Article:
News at a glance

25th November 2011 at 00:00

Minister takes action over sexual exploitation

Communities have failed to tackle sexual exploitation of the young, a phenomenon occurring "in far greater numbers than was ever imagined", the children's minister has warned. Introducing a set of reforms, Tim Loughton was insistent that there is a widespread failure to pick up such abuse. He announced new specialist training for police and other bodies, more help for parents in recognising the signs of sexual exploitation, and improvements to court services to assist young victims. "This country has to wake up to the fact that children are being sexually abused in far greater numbers than was ever imagined. It could be going on in every type of community and in every part of the country," Mr Loughton said. "Too many local areas have failed to uncover the true extent of child sexual exploitation in their communities and failed to properly support victims and their families."

MP queries link between calculators and maths skills

A backbench Conservative MP has questioned the value of using calculators to improve pupils' skills in mathematics. During this week's education questions in the Commons, Elizabeth Truss pointed to England's position of 28th in the world in international league tables when it came to maths, and asked schools minister Nick Gibb whether he thought there was a link. "The top-performing countries in maths, such as Singapore, hardly use calculators at all in primary school," Ms Truss said. "Britain uses calculators more than any country in the world and is 28th in the world for maths. Does the minister think there is a correlation?"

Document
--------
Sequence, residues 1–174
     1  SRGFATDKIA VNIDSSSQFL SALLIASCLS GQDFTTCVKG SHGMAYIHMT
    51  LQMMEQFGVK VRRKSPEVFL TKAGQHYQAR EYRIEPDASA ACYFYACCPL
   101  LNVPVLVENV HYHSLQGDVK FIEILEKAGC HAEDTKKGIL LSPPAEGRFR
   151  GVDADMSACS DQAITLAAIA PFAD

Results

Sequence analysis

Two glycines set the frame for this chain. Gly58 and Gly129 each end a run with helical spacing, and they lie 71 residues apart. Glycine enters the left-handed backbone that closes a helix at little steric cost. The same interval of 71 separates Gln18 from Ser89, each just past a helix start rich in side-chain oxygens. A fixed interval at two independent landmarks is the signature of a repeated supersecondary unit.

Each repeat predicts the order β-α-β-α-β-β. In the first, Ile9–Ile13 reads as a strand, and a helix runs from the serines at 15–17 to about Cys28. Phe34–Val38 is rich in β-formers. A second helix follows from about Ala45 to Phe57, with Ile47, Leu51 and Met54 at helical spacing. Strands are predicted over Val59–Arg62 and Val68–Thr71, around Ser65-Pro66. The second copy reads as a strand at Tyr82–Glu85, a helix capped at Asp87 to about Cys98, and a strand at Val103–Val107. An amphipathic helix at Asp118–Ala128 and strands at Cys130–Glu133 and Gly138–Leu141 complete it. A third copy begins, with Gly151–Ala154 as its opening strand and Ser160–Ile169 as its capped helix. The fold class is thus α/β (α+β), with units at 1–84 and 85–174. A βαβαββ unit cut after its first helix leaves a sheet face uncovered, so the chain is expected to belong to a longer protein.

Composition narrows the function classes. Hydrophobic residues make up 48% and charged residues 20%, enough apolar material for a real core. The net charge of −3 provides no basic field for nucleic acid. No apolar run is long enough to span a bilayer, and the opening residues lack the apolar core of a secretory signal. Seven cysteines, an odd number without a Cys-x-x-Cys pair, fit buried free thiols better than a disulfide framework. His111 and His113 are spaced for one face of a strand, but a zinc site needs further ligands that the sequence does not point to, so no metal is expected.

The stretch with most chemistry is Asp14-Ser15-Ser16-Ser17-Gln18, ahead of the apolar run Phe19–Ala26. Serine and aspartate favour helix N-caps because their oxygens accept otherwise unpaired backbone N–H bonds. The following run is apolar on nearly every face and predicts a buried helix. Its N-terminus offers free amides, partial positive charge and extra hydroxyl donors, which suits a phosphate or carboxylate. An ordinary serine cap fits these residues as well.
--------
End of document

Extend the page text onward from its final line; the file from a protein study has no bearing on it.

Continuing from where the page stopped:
Almost 90% of pupils shun five-a-day fruit and veg

Nearly nine in 10 pupils are not eating the recommended five portions of fruit and vegetables a day, preferring to eat a daily diet of junk food, a survey has found. Despite a high-profile campaign to encourage the public to eat more fruit and vegetables, a study by the British Heart Foundation (BHF) has shown that 88 per cent of students ignore the recommended five a day. A survey of more than 2,000 pupils aged 11-16 showed that 40 per cent chose fizzy or energy drinks as their daily drink of choice, while a third are tucking into crisps and chocolate three or more times a day. Victoria Taylor, senior dietician at the BHF, said: "We've all got to realise that this generation's food choices today could have long-term consequences on their future health."

Half of primary teachers don't bother with exercise

More than half of primary school teachers said they did little or no exercise despite having to teach PE, according to research. A study conducted for Bupa by the Youth Sport Trust also found that one in three respondents said their bad experiences of PE prevented them from teaching the subject effectively. A lack of confidence among teachers was one of the major barriers to them delivering high-quality PE classes. Just 45 per cent of teachers said they felt confident in their knowledge of PE, while only 35 per cent were positive about their own experience of PE at primary school.

Master's for NQTs in Wales in bid to raise standards

Newly qualified teachers in Wales will have the chance to study for a master's degree as part of their induction and early professional development from September 2012, the Welsh Government announced this week. The move is part of a wider drive to improve school standards and performance. The qualification, which will focus on the three national priorities of literacy, numeracy and reducing the impact of poverty on attainment, will not be compulsory at first.

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